I always book B&Bs in Ireland via Booking.com which has a great selection and (often) excellent cancellation options. You n find their selection of B&Bs in Ireland here.
Staying in hotels in Ireland
Hotels are all over Ireland and you will easily find international names and chains you are familiar with such as Hilton as well as local names and independent establishments. My go-to website for hotels in Ireland is booking.com which you can access here.
Staying in a castle in Ireland
A popular type of visitor accommodation in Ireland are castle hotels. These are usually higher-end properties for short terms stays and can be a fun way to treat yourself to a really regal night while in Ireland.
However, it is important to know that not all castle hotels are as grand and ‘castle-ly’ as each other. While some castle hotels are properly princess-worthy, with turrets and amazing interiors, others are better described as Manor houses, beautiful but often less evocative.
When choosing a castle hotel, especially if treating your kids to a night as a princess or prince, make sure you check photos carefully to avoid disappointment.
What to eat in Ireland: traditional Irish food, vegetarian and vegan food in Ireland
Ireland has come a long way when it comes to the food on offer and it is very common now in even smaller centers to find restaurants serving international food such as Italian, Japanese, Pan-Asian and more (quality vary massively!).
International food aside, however, on a traditional Irish menu you can expect to find meat (beef, lamb chicken mostly), fish and the occasional vegetarian option, usually some form of risotto, salad or pasta.
Vegetarian options are becoming more widespread and in bigger centers you start seeing some vegan options too however, your options really shrink if you do not eat eggs or dairy.
The country is a big producer of beef, dairy and poultry so they tend to dominate the menu.
Kids menus are often available and they tend to offer chicken nugget, sausages, fish fingers, pizza and pasta (with tomato sauce or meat usually).
You can find some nice traditional Irish recipes in the food section of this site, here!
How far in advance should you plan a trip to Ireland? What to book when
The answer to this question depends on the season and the area you are planning to visit but, as a general rule, the following is good to book as early as possible:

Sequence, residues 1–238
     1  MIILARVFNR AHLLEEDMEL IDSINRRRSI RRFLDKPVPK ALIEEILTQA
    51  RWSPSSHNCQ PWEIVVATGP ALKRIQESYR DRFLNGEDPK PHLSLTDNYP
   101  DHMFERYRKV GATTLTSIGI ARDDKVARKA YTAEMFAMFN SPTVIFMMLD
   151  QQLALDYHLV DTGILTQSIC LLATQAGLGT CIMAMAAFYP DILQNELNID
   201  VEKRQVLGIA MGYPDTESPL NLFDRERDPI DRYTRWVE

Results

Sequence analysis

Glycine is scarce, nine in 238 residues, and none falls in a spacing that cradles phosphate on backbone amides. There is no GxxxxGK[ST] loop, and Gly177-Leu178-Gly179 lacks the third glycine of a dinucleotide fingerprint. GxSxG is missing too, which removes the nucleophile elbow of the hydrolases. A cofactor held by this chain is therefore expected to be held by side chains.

Flights: I usually look at Kayak and google flights to get a sense of the direction of prices. Especially during the summer, at weekend, National holidays and school holidays prices tend to go massively up so staying flexible and keeping an eye on prices from early on is key.
If flying from the US, please be advised that many if not all flights arrive in Dublin vert early in the morning, at about 5 am. Please take jet-lag into account when planning this first day and take your time: avoid driving long distances or at all if you can.
Car: if you are renting a car, booking in advance gives you the highest chances of securing an automatic one!
Accommodation: if you are traveling in the busy season, booking accommodation in advance is a must, especially in very popular areas such as Dublin, Galway or Kerry.
I usually book via booking.com and select accommodation with a free cancellation option so I know I have a base but don’t have to commit until closer to the time
Attractions: you usually do not need to book access to attractions in advance. Some exceptions apply in Dublin: you can find our recommended things to see in Dublin and best sites for tickets here
What to pack for Ireland
What to pack for Ireland depends on the season of your visit. As a general rule, expect Irish weather to be changeable and moody and do pack layers even for the warmer season.
You can find my full list of Ireland travel essentials here and an overview just below:
- Good walking shoes, waterproof in winter (boots or ankle boots are ideal)
- Walking sandals/ flip-flops only in summer
- Socks and tights if planning on wearing skirts/dresses
- Jeans / Long trousers Shorts can come in handy on warmer summer days in summer, especially if hiking
- Thermal top layer for winter
- Short and long sleeve tops for layering, all season
- Sweater, lighter for summer, thick and woolen for winter
- Outer jacket for all season, warm and waterproof one for winter
- Warm outer shell for baby in winter
- Scarf, hat and gloves for winter
- Essential medicines
- Phone and camera
- Charger (three-pin, UK style plug)
- Travel adaptor
- Extra battery pack
- Reusable water bottle
- Paper map
You can find detailed packing lists for Ireland month by month here.
I hope this article helped you get started planning a trip to Ireland. Safe travels!